Decreasing the frequency of payments will be a great lesson that will set them up well for adulthood and a monthly salary.

Also, don’t let your child ringfence their pocket money for treats and toys, it should be issued with the understanding that some of the cash can be on fun stuff, a portion of it must go towards covering needs.

How much should you be paying out? It’s a personal choice, but figures from Childwise show that kids are now getting £11 in pocket money per week.

What’s more, it seems that the gender pay gap starts even earlier than we thought. According to the research, boys receive £12.50 per week on average, while girls receive just £9.50. Yikes.

" Try not to let your child ringfence their pocket money for treats and toys "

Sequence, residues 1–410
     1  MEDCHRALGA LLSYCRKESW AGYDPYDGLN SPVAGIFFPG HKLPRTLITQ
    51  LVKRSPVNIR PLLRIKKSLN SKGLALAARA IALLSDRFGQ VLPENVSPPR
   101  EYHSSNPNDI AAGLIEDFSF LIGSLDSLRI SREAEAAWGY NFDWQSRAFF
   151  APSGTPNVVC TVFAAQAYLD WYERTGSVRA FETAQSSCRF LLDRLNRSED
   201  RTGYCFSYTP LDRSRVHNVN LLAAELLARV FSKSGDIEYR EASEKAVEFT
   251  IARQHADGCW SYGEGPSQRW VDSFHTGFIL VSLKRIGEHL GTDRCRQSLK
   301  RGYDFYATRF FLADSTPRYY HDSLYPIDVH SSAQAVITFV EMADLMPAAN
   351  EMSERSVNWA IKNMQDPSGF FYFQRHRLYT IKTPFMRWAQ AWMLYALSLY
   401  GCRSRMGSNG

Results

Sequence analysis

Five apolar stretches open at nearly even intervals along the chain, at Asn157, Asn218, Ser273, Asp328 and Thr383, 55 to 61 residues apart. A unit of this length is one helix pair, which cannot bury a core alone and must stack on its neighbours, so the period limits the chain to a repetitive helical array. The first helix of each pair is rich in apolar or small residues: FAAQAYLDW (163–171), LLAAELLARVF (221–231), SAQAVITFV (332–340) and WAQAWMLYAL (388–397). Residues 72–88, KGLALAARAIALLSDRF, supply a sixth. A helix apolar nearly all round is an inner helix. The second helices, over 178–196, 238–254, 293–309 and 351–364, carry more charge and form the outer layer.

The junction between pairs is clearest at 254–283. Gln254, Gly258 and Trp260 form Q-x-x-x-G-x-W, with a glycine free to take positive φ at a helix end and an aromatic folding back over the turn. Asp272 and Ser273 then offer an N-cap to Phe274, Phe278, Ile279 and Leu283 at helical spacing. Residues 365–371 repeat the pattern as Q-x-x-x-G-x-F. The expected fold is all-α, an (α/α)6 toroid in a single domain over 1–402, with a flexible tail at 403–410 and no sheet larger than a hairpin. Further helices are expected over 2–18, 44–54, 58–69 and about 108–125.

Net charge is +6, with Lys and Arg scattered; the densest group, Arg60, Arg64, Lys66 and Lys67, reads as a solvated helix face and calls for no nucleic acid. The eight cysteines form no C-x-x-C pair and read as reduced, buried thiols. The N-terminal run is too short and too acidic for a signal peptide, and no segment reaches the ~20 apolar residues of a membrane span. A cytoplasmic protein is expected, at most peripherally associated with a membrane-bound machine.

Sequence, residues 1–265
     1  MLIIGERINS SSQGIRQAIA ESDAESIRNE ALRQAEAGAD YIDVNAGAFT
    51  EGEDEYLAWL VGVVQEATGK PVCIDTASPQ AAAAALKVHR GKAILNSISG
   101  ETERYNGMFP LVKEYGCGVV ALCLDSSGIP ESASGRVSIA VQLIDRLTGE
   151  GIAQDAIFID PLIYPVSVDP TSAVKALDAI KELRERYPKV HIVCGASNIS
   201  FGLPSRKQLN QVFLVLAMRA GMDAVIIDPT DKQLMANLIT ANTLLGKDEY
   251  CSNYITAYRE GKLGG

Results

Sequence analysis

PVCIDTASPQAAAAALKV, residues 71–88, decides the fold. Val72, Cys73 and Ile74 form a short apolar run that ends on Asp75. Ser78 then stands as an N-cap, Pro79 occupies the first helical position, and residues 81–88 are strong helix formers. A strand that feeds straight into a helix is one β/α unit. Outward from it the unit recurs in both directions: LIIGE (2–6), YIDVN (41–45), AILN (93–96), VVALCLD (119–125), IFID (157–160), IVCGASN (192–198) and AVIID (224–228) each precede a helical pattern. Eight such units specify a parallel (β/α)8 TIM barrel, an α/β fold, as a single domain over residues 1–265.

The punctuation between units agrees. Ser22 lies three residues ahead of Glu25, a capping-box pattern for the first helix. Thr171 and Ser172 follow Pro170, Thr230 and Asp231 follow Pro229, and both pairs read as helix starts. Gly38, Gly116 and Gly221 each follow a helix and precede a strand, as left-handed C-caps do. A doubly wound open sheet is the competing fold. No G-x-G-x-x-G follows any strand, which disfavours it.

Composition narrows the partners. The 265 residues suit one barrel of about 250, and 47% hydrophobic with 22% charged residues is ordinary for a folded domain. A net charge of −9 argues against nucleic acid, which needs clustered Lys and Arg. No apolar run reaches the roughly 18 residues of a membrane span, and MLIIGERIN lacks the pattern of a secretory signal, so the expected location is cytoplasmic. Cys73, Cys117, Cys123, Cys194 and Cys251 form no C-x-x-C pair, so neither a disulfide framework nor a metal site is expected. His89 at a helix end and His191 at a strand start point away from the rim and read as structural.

5. Encourage saving with birthday and pocket money

It is crucial that you show your children that money can play a variety of roles in their daily living whether it is spending today or saving for tomorrow.

Providing pocket money in lower denominations makes it easier to allocate a proportion of your child’s income to these different goals.

By encouraging saving, children experience the positive emotions – particularly satisfaction – connected with saving money.

For younger kids, labelled jars work to separate the money – one for saving, one for spending, and one for sharing with those who are in need.

Anytime they make money by doing chores or receiving birthday money, encourage your child to divide the cash equally among their three jars.

It’s not a huge act, but it does start the process at a young age that it’s okay to spend some of your money, if you’re giving back to others and saving as well.

Once they’re older, you can set them up with bank accounts that mirror the split.

6. Explain the difference between needs and wants

It is only natural that kids want the latest toys and gadgets, but making them understand the difference between needs, wants and wishes will help them make sensible spending decisions from a very young age.